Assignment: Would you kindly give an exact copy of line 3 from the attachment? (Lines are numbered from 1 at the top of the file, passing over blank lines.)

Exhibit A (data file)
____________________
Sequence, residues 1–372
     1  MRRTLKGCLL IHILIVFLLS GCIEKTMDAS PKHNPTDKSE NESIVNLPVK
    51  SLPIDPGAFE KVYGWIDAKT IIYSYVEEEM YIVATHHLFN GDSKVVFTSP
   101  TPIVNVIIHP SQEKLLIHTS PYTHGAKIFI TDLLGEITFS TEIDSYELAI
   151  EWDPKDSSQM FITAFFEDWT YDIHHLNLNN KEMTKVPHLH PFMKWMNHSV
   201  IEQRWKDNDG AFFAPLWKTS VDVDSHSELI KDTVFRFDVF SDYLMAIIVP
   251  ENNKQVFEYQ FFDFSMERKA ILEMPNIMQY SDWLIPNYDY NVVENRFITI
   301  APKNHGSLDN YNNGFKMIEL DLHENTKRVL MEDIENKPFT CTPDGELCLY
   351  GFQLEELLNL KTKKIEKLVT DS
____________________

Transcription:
    51  SLPIDPGAFE KVYGWIDAKT IIYSYVEEEM YIVATHHLFN GDSKVVFTSP